In today’s NY Post, I challenge Schools Chancellor Dennis Walcott’s decision to bypass affirmative parental consent in launching the Connecting Adolescents To Comprehensive (Sexual) Health pilot program which distributes to contraceptives and birth control to minor adolescents at 14 public high schools.
Walcott is taken to task for substituting his judgment for that of parents, for reneging on his pledge to improve parental engagement, and for undermining the already fragile parent-teen relationship.
I write -
Schools Chancellor Dennis Walcott has had a pretty rotten 12 months on the parent front.
The latest, of course, was The Post’s scoop on how sexually active city high school students are getting emergency contraceptives and injectable birth control in school, along with their Cheerios and cheese sticks.
Yet about this time last year, Walcott was taking heat forimplementing Mayor Bloomberg’s controversial, one-size-fits-all sex-education program without consulting parents or fully informing them about what would be taught in their local schools.
Walcott even refused (still refuses) to give parents the ability to “opt in” to an abstinence-centered sex-ed curriculum.
Plus, last week, The Wall Street Journal broke the news that the level of parental engagement by the city Department of Education fell last year – despite Walcott’s pledge to improve it.
A year ago, just as DoE was rolling out its sexed-up sex-ed curriculum citywide, it laid off 63 parent coordinators and made the position optional at high schools. Parents’ main points of contact were being eliminated when they were needed most.
Social scientists call that “cognitive dissonance” – implementing contradictory ideas at the same time.
In New York, cognitive dissonance passes for governance. That is, until the contradiction hits the front page.
Parents have a right to know what programs are taking place in their children’s school, but Chancellor Walcott and DoE don’t seem to care.
They’d apparently prefer parents to stay passive, uninvolved and on the sidelines when it comes to the most intimate aspects of their children’s sexual health.
When it comes to health-care decisions involving minors, parents should have to opt in, rather have to notice a letter the city sends home and fill out a form to opt out. That default lets the government substitute its judgment for theirs.
Parents aren't asked to opt-out their children from field trips. If a parent doesn't return a signed consent form, the child doesn't get to go on the class trip. But don’t return a signed opt-out form, and your kid is eligible for a hormonal cocktail whenever she wants.
Walcott is creating Parent Academies, but it looks like he’s the one who needs schooling in how to engage parents.
Parental consent implies accountability – which Walcott and Bloomberg have berated indolent parents for shirking.
By the way, what happens when a teen has an adverse reaction to these birth-control and “Plan B” chemicals? Does anyone think the courts will rule the city’s not liable because the parent didn’t return a signed opt-out form that he or she may never have received?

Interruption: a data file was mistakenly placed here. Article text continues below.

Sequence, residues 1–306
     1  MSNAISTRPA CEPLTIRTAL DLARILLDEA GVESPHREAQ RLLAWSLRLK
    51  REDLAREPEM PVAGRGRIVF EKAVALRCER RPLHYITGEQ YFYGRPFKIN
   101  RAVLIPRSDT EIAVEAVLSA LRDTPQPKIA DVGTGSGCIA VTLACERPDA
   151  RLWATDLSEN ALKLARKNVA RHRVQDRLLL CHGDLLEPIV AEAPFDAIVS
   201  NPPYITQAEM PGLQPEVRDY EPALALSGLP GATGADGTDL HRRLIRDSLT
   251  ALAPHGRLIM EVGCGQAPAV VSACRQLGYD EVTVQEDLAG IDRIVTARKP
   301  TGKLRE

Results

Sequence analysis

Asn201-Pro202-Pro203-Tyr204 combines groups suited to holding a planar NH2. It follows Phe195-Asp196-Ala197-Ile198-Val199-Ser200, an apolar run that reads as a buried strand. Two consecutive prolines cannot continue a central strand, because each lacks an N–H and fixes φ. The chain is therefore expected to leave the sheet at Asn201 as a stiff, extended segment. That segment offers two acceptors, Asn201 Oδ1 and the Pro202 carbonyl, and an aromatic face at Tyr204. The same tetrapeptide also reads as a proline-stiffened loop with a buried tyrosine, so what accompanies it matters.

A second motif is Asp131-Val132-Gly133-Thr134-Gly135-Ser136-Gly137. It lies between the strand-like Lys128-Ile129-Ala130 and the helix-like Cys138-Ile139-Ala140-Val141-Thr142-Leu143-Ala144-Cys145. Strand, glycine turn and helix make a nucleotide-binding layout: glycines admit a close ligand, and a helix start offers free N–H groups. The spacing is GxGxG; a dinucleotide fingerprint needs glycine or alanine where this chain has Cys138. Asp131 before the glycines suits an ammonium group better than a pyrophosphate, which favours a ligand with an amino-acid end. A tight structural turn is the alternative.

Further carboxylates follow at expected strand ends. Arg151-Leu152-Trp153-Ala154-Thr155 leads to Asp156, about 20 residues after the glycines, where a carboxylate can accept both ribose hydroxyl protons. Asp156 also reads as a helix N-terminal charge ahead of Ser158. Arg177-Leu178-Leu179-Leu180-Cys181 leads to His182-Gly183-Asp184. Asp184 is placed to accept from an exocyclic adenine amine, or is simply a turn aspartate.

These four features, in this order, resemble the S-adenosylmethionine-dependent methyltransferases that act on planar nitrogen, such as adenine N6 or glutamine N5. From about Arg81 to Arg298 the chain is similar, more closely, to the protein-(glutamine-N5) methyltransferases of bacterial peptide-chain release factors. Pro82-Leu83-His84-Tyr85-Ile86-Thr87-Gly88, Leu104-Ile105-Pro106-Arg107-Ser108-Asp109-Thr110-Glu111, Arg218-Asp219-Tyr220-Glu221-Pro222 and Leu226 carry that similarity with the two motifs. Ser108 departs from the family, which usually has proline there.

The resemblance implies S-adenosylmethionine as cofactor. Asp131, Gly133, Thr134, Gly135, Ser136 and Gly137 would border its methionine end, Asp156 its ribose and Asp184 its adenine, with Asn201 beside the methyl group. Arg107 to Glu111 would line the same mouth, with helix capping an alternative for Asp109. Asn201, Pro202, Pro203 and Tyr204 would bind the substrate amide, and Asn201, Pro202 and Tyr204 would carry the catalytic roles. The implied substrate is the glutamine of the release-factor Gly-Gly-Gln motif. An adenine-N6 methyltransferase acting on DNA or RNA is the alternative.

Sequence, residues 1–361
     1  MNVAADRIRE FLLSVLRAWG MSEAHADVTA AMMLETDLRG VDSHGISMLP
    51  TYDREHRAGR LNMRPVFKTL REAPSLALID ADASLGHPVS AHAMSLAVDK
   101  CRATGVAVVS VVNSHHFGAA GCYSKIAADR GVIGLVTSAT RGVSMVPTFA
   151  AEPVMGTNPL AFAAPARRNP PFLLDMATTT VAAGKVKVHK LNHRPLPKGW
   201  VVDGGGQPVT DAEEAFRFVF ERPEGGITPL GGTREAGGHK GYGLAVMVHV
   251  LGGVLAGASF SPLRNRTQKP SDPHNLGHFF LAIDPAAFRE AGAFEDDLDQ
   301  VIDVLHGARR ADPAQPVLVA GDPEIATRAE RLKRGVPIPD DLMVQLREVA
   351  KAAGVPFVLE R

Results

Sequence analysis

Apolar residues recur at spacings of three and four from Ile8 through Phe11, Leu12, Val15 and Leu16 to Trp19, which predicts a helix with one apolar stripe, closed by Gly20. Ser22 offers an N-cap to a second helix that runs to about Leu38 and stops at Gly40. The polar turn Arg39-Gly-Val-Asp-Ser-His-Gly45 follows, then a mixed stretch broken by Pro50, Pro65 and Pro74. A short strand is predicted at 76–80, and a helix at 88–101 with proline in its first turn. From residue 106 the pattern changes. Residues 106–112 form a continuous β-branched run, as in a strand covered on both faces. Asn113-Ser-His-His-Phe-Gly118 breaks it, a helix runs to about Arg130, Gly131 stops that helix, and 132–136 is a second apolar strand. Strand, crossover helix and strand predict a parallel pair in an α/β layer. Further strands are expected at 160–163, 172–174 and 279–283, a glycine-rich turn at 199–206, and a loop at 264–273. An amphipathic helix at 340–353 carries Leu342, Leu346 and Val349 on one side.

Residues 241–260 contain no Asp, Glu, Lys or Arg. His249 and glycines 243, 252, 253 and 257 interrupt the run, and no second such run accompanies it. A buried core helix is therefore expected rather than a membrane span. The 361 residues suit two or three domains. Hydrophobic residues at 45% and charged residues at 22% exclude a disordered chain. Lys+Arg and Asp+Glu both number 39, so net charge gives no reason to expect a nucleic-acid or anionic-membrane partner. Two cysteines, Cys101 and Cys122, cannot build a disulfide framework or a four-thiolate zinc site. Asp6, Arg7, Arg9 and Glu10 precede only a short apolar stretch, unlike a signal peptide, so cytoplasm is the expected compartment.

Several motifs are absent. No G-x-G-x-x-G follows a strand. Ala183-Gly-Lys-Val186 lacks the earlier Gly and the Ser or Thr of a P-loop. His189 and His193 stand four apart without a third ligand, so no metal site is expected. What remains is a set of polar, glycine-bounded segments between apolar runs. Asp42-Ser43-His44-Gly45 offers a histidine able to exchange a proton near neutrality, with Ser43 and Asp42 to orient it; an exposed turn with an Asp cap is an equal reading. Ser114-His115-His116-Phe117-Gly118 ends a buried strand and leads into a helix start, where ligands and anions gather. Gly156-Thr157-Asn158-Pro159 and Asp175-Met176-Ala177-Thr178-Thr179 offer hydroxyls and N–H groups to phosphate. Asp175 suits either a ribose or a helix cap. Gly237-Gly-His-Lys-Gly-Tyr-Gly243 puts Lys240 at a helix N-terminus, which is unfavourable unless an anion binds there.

I think a number of personal injury lawyers will love testing that premise.
We need to reduce, if not eliminate, teen pregnancy in our city – but we won’t do it by further undermining the parent-child relationship.
There was a time when Americans spoke out against foreign totalitarian regimes that treated children as if they were property of the state.
Real parent engagement goes beyond discussing a child’s academic progress. If the city is to intervene, it needs a whole family-approach that brings parents and their adolescent kids together to address sexual and mental-health issues.
If he’s truly committed to real parental engagement, Walcott will replace birth-control distribution with something that connects teens and parents.
My friend, Dr. Neil Calman (chair of the Family Medicine Department at Mt. Sinai Hospital) posted his comment to the NYPost.com website. His comment defends the program but he also points out that the schools have a role to play in facilitating conversations between teens and their parents. Dr. Calman’s comment follows below:
Subject: Schools can’t replace parents, Dennis — NY Post.com
“OK let’s stop for a second. The law allows minors to seek care for contraception and pregnancy related as well as STD related concerns WITHOUT parental consent. This can be done legally by any licensed physician or nurse practitioner or health facility. Hormone injections are not being given by social studies teachers in schools. They are being given by trained, licensed school health professionals. This provides increased access to teens to prevent unwanted pregnancies, which, as weall know, contribute to dropping out of school, abortions (which also do not need parental consent), and in many cases, teenage motherhood which continues the cycle of inadequate education and, possibly, poverty. So let’s not stop what is going on in the schools. Rather, let’s encourage the school health facilities to facilitate, if teens agree, conversations with their parents and encourage -maybe even help – their parents to feel more comfortable having these conversations with their children.”— Neil Calman, MD
What do you think?